Boxing Day, observed annually on December 26th, is a holiday with origins in Great Britain and is celebrated in many countries that were once part of the UK. Traditionally associated with gift-giving, its modern iteration often involves tipping service workers like postal workers and door attendants as appreciation for their work throughout the year. It's also known as a major shopping day due to sales and discounts.
The holiday is marked by various traditions worldwide. In the UK, employers often give gifts to employees, and it's customary for offices to close, giving servants and workers the day off. In Australia, the day is observed nationwide, except in South Australia where it's referred to as Proclamation Day. New Zealand celebrates with beach outings, BBQs, and sports events like cricket and the Ellerslie Boxing Day Races.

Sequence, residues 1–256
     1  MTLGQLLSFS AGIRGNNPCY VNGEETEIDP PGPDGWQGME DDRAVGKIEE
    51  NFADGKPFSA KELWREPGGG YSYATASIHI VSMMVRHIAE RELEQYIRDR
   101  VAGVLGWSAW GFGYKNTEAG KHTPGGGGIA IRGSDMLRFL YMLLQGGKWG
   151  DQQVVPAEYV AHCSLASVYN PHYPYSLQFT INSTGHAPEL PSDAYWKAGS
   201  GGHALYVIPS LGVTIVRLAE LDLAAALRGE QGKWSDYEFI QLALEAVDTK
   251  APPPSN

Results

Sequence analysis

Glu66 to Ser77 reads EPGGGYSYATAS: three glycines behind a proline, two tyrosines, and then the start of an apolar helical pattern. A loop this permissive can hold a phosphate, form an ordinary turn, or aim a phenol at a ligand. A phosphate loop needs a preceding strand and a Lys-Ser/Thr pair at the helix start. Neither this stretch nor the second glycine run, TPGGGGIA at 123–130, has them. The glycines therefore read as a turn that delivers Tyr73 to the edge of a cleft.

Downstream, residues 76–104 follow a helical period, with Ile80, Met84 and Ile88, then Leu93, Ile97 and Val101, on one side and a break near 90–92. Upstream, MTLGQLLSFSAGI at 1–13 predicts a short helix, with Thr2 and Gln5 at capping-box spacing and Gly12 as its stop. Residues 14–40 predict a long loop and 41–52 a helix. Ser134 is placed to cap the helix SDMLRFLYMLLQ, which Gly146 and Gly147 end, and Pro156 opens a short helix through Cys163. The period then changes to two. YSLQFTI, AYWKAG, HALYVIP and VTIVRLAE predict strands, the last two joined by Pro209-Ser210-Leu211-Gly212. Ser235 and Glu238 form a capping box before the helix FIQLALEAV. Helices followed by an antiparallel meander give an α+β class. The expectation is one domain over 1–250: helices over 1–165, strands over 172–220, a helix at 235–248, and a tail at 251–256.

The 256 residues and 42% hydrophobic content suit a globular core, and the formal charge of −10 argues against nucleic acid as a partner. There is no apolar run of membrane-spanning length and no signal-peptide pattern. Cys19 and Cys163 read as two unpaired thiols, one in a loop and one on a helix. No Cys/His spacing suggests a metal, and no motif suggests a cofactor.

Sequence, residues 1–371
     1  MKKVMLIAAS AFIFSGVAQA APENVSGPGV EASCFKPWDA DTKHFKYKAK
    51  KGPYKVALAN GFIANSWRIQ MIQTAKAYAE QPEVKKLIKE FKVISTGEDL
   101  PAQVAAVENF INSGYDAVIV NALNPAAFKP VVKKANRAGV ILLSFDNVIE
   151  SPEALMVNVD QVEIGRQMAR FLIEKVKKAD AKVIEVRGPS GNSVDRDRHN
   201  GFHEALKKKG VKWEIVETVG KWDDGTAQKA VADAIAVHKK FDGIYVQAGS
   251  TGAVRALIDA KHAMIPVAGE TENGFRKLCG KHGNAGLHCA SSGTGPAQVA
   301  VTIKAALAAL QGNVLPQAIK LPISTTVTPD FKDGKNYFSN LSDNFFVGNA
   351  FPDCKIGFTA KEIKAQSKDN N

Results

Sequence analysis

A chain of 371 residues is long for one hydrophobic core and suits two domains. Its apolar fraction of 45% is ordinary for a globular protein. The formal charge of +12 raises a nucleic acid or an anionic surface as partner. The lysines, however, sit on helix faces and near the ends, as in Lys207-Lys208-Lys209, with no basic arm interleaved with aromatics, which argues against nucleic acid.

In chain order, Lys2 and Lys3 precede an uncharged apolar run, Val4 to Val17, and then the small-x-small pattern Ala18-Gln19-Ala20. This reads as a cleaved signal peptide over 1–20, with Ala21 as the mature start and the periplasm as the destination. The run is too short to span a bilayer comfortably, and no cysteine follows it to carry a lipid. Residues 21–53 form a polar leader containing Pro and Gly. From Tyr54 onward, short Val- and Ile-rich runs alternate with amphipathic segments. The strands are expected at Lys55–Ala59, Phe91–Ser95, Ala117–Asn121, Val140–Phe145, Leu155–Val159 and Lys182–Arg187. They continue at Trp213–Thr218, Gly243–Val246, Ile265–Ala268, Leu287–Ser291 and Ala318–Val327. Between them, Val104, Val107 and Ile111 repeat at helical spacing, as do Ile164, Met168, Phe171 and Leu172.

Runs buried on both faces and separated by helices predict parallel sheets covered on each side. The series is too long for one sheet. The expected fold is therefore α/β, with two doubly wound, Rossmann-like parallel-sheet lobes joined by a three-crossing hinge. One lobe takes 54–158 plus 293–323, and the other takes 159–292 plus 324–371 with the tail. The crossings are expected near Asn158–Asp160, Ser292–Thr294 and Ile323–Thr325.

In Canada, Boxing Day is a federal statutory holiday in ten provinces and a provincial statutory holiday in Ontario and others. South Africa celebrates the Day of Goodwill instead, focusing on family and friends. Scotland, which began observing Boxing Day only since 1871, formerly called it Sweetie Scone Day, a day for giving sweets to servants.
In Nigeria, a traditional celebration includes employers presenting boxes of goodies to their employees. The Caribbean Islands treat it as a national holiday, historically the only day off for enslaved people annually. Greenlanders use the day to honor service providers, help the less fortunate, and enjoy Christmas leftovers.
Some countries like Denmark and Belize celebrate Saint Stephen's Day instead of Boxing Day. Meanwhile, in Uganda, Fiji, and Hong Kong, Boxing Day remains a national holiday dedicated to helping the less fortunate and spending time with loved ones.